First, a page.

Antimicrobial Activity of Psidium Guajava and Piper Betle Extracts on Selected Foodborne Bacteria
Francis Parillon, Henie Edward (2006) Antimicrobial Activity of Psidium Guajava and Piper Betle Extracts on Selected Foodborne Bacteria. Masters thesis, Universiti Putra Malaysia.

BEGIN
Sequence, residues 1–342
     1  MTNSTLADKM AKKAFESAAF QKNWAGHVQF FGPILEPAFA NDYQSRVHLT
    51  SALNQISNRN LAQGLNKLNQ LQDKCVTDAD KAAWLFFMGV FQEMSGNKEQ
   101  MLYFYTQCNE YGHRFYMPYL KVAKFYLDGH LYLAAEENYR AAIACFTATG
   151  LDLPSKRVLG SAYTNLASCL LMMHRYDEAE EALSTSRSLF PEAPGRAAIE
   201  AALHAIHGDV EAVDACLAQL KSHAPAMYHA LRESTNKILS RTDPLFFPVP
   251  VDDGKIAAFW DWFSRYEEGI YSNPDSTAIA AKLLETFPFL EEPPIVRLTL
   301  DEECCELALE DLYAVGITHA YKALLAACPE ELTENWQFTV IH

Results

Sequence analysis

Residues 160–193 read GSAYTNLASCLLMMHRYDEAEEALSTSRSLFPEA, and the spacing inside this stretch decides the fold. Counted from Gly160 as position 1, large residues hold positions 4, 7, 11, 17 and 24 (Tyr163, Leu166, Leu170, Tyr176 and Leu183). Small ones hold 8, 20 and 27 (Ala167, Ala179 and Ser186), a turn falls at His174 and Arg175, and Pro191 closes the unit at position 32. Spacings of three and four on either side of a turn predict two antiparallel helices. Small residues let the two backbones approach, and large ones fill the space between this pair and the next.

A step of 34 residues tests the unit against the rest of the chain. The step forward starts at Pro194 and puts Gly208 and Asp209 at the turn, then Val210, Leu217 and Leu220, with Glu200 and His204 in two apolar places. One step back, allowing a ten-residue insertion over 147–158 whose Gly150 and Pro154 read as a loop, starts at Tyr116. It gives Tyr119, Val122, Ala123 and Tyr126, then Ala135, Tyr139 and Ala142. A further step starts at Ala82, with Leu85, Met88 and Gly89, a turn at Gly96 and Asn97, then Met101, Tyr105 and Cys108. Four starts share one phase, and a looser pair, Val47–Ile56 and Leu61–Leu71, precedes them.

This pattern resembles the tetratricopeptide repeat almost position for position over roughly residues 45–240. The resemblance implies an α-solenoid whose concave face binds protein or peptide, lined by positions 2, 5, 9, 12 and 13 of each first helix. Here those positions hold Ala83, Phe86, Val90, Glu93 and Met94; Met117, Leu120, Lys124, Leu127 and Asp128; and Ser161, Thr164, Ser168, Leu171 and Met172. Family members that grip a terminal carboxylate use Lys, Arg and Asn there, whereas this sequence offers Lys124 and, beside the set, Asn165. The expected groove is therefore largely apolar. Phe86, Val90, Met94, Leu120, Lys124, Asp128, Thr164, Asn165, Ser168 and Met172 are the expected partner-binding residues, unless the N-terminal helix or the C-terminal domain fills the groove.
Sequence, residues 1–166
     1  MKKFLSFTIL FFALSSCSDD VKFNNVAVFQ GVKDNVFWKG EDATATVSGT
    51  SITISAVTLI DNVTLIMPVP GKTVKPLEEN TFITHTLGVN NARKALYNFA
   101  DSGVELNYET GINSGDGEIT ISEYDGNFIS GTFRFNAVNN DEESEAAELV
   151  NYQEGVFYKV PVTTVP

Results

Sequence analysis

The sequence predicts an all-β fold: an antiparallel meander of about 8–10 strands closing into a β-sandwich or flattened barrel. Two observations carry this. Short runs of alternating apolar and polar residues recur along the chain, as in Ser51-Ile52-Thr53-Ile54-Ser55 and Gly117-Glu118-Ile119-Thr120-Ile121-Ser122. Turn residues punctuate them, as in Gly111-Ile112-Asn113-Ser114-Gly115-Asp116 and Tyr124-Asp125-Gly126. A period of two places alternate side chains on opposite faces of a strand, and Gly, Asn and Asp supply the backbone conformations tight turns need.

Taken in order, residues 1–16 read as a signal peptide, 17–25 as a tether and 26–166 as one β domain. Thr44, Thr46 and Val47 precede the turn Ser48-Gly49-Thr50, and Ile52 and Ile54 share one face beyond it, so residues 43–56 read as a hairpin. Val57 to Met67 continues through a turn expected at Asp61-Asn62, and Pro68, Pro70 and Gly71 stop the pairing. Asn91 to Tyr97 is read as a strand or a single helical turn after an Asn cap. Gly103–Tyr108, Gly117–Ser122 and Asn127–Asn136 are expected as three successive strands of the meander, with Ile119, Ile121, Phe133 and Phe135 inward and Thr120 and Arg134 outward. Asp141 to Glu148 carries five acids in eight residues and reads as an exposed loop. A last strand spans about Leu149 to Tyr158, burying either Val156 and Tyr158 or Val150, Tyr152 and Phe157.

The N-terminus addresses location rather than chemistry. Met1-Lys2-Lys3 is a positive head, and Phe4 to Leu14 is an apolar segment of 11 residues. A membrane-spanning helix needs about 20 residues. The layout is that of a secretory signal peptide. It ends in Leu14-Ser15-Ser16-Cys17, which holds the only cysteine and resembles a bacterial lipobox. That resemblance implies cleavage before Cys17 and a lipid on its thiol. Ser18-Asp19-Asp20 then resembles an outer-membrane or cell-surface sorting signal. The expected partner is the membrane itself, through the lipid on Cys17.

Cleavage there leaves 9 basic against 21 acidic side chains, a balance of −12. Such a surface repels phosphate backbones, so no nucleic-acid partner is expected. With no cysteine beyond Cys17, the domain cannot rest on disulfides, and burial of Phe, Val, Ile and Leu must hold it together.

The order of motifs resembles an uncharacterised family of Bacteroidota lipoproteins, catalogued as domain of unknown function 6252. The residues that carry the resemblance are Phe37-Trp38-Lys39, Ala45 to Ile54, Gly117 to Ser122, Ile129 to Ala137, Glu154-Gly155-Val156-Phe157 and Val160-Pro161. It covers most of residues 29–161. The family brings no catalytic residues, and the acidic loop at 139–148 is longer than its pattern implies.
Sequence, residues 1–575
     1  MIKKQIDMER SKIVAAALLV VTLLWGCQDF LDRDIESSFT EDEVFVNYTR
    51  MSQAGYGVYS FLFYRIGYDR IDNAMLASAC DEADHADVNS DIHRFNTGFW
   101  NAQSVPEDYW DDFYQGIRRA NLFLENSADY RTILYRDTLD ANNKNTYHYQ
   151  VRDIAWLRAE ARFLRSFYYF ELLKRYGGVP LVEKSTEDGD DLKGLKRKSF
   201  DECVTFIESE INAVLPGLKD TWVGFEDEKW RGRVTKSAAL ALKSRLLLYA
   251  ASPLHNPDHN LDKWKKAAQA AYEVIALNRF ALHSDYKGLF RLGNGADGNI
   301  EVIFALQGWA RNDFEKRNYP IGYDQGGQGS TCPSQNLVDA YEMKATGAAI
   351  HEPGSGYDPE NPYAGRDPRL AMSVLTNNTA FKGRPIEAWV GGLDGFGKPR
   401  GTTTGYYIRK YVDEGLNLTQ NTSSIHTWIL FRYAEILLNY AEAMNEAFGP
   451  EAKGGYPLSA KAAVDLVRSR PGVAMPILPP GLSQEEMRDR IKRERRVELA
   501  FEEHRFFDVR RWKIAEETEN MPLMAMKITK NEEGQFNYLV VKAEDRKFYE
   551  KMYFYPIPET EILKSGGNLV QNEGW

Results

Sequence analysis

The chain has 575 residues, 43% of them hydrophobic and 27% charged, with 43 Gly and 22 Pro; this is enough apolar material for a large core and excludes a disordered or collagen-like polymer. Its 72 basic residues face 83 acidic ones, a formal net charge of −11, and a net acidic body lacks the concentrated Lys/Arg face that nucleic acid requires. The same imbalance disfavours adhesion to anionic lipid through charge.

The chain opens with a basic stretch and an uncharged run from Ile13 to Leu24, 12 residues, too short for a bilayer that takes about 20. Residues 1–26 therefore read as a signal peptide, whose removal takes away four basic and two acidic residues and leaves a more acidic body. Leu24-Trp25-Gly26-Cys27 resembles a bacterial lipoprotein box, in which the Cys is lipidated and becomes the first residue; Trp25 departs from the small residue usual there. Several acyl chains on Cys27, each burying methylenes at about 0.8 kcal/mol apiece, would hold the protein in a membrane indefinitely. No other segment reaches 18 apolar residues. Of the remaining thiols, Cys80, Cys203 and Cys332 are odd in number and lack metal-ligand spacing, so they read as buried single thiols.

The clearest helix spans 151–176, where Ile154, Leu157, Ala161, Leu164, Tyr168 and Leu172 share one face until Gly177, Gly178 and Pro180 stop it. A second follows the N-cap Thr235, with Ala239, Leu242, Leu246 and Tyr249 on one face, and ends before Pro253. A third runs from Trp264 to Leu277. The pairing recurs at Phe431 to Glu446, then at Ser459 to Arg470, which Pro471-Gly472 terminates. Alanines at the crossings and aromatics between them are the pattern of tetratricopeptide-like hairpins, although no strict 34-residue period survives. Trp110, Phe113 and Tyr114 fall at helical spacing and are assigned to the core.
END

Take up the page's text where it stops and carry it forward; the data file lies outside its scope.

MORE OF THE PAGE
Five plants, namely Psidium guajava (guava), Illicium verum (star anise), Annona squamosa (sugar apple) and two cultivars of Piper betle Linn. (betel leaf), were screened for antimicrobial activity against sixteen foodborne bacteria using the agar disc diffusion method. The plants were selected on the basis of folklore medicinal reports and as practiced by people in Malaysia and the Caribbean. The methanolic extracts of all plants used in preliminary screening had antibacterial activity against at least on one bacterium with guava and the red vein (rv) and green vein (gv)cultivars of Piper betle L., demonstrating greater antimicrobial activity. I. verum extract was effective against Aeromonas hydrophila and Citrobacter freundii while the Annona squamosa extract was effective only against Vibrio parahaemolyticus. The sequentially extracted crude material from the leaves of P. betle L. (rv), P. betle L. (gv), and guava were evaluated for effectiveness against the bacteria. The methanolic extract of P. betle L. (gv) was found to be effective against both Gram-positive and Gram-negative pathogens while the methanolic extract of guava was mainly effective against the Gram-positive bacteria. The hexane and ammoniacal chloroform extracts of P. betle L. (rv) inhibited the growth of most Gram-negative pathogens.The minimum inhibitory concentration (MIC) of the methanolic extracts of P. betle L. (gv) (PBME) and guava (GME) against Kocuria rhizophila, Staphylococcus aureus, A. hydrophila, Escherichia coli O157:H7, Salmonella Typhimurium and Listeria monocytogenes and V. parahaemolyticus was investigated. The bacteria most sensitive to the GME (MIC = 1 mg/ml) were S. aureus, K. rhizophila and E. coli O157:H7 while S. aureus was the most sensitive to the PBME at the same concentration. A. hydrophila and V. parahaemolyticus were more resistant to the PBME with an MIC of 10 mg/ml. The extracts were also investigated for their killing kinetics against four bacteria. The GME completely inhibited the growth of K. rhizophila in 12 h at a concentration of 1 mg/ml while at 5 mg/ml, complete inhibition was obtained in 4 h. PBME also killed all the bacterial cells of L. monocytogenes, at a concentration of 1 mg/ml in 32 h while at 5 mg/ml, complete inhibition was obtained in 4 h. At the concentration of 1 mg/ml the rate of killing of the GME was faster than that of the PBME for all the bacteria studied.The effect on cell viability and cellular leakage of K. rhizophila, S. Typhimurium,L. monocytogenes and E. coli O157:H7 was measured after exposure to PBME and GME at a concentration of 5000 ppm (5 mg/ml). Assay of filtrates of all treated cell suspensions revealed a significantly higher (P≤0.05) release of nuclear material, K+ ions and protein than that of untreated controls, thereby indicating disruptive action on the cytoplasmic membrane of bacterial cells. The PBME caused a higher leakage of K+ ions than the GME for all the bacteria tested while total protein released by K. rhizophila and S. Typhimurium was also higher in cells treated with PBME than with GME. The PBME caused a noticeably higher (P≤0.05) release of nuclear material in the Gram-positive organisms while the GME caused a higher release in the Gram-negative. While GME caused a higher release of 260nm-absorbing materials than PBME for all the organisms investigated, both extracts appeared to have disrupted the integrity of the lipopolysaccharide (LPS) layer of the Gram-negative microorganisms. Several mechanisms of action may be involved in the growth inhibition of bacteria.The loss of cell viability and leakage of intracellular constituents observed in this study suggests that membrane damage was a major cause of lethal effect for any of the extracts.
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